PROGRESS 2022: Restaurateur describes staffing challenges
ALPENA — Privately owned restaurants are still trying to bounce back from the effects of the COVID-19 pandemic, among other challenges.
According to estimates by the National Restaurant Association, 90,000 restaurants had closed across the U.S. by the spring of 2021. Those that remain open today have faced staffing issues, supply shortages, and difficulty attracting workers because many would-be employees demand higher-than-sustainable wages for typical service jobs such as washing dishes, bussing tables, and serving customers.
Eric Peterson opened the Fresh Palate 15 years ago in an effort to provide healthy, locally sourced, high-quality food to Alpena in an upscale-yet-comfortable environment. The pandemic created many challenges, but what emerged has created even more.
In an interview last week, Peterson said a lack of work ethic has made it difficult to find and retain reliable workers who want to do more than the bare minimum for a fair wage that matches their experience level.
“There’s definitely a staffing issue,” Peterson said. “There was a huge staffing issue in the summertime. And, then, I feel that it has kind of relaxed a little bit, and people are reapplying.”
They may be applying, but, after chain restaurants such as McDonald’s and Wendy’s advertised wages as high as $20 or more per hour, workers expect to be paid more than a small business can afford for an entry-level food service job. Those workers often bring little or no experience to the table, Peterson said.
“They feel like they’re very deserving of a very high pay for very low expectations,” Peterson said. “And, so, the issue isn’t so much that nobody is applying anymore. It’s that the pool of people that are applying feel like what their worth is to your company is well beyond their skill level.”
He’s looking for workers who want to work, which includes offering friendly customer service and making the guest experience special.
“There’s still a shortage of well-acclimated, experienced workers that know how to work, and what their actual worth is,” Peterson said.
He added that many of the challenges have been exacerbated by big corporate chains instilling in people — many of them young and looking for their first job — a sense that they deserve to be paid more than is sustainable for small businesses such as the Fresh Palate.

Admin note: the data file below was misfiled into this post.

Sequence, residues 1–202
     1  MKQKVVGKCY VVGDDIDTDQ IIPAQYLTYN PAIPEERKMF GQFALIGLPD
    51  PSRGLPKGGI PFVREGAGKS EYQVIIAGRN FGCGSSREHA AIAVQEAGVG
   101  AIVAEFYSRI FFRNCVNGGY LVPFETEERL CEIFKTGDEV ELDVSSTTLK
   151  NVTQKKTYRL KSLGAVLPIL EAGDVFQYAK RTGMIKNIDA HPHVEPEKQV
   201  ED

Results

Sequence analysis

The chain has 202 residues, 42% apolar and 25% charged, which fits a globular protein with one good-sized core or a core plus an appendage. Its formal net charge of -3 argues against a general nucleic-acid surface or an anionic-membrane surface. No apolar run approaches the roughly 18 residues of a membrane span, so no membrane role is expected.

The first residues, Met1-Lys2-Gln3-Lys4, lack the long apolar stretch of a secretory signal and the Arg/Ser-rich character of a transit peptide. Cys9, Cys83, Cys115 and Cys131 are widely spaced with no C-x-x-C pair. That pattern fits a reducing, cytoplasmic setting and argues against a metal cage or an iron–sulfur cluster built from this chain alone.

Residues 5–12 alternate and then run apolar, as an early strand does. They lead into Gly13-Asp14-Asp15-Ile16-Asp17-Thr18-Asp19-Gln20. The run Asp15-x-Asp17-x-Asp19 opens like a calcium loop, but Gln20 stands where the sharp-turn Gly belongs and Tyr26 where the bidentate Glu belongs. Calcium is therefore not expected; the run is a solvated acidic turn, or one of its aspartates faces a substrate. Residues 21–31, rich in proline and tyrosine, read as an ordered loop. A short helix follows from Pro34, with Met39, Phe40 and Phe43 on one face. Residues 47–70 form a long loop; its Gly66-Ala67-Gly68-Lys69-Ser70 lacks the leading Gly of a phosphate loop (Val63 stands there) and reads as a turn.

“I do believe that the corporate world has really put their hands around the neck of the mom and pop shops who don’t have many, many locations and deep pocketbooks, with huge advertising abilities and media manipulation,” Peterson said. “It really put the hurt on the small guy who does not have that deep pocketbook, who’s really, especially through COVID, ended up — if they made it — working more themself, as a business owner, and living paycheck to paycheck, themselves.”
Being an independent restaurant owner has never been easy, but Peterson’s goal has always been to provide flavorful, unique, nutritious, organic, sustainable food in a world coated with GMOs (genetically modified organisms) and chemical additives such as MSG (monosodium glutamate).
He added that, during the pandemic, governmental assistance was available, but now, small businesses are back on their own.
“Through COVID, I received plenty of help,” Peterson said. “But that help ran out, and I needed every penny of it to stay alive.”
He said he went from managing the restaurant in 2019 as a boss/owner to working 80 hours a week in 2021 and 2022 as owner/operator, with few hands on deck to keep the ship afloat.
“Now, on the other side of COVID, that money’s gone, and small businesses have been hurt, inflation has gone through the frickin’ roof, and, when you have to start somebody at a wage that you really can’t even digest yourself, it’s really tightened everything up,” Peterson said.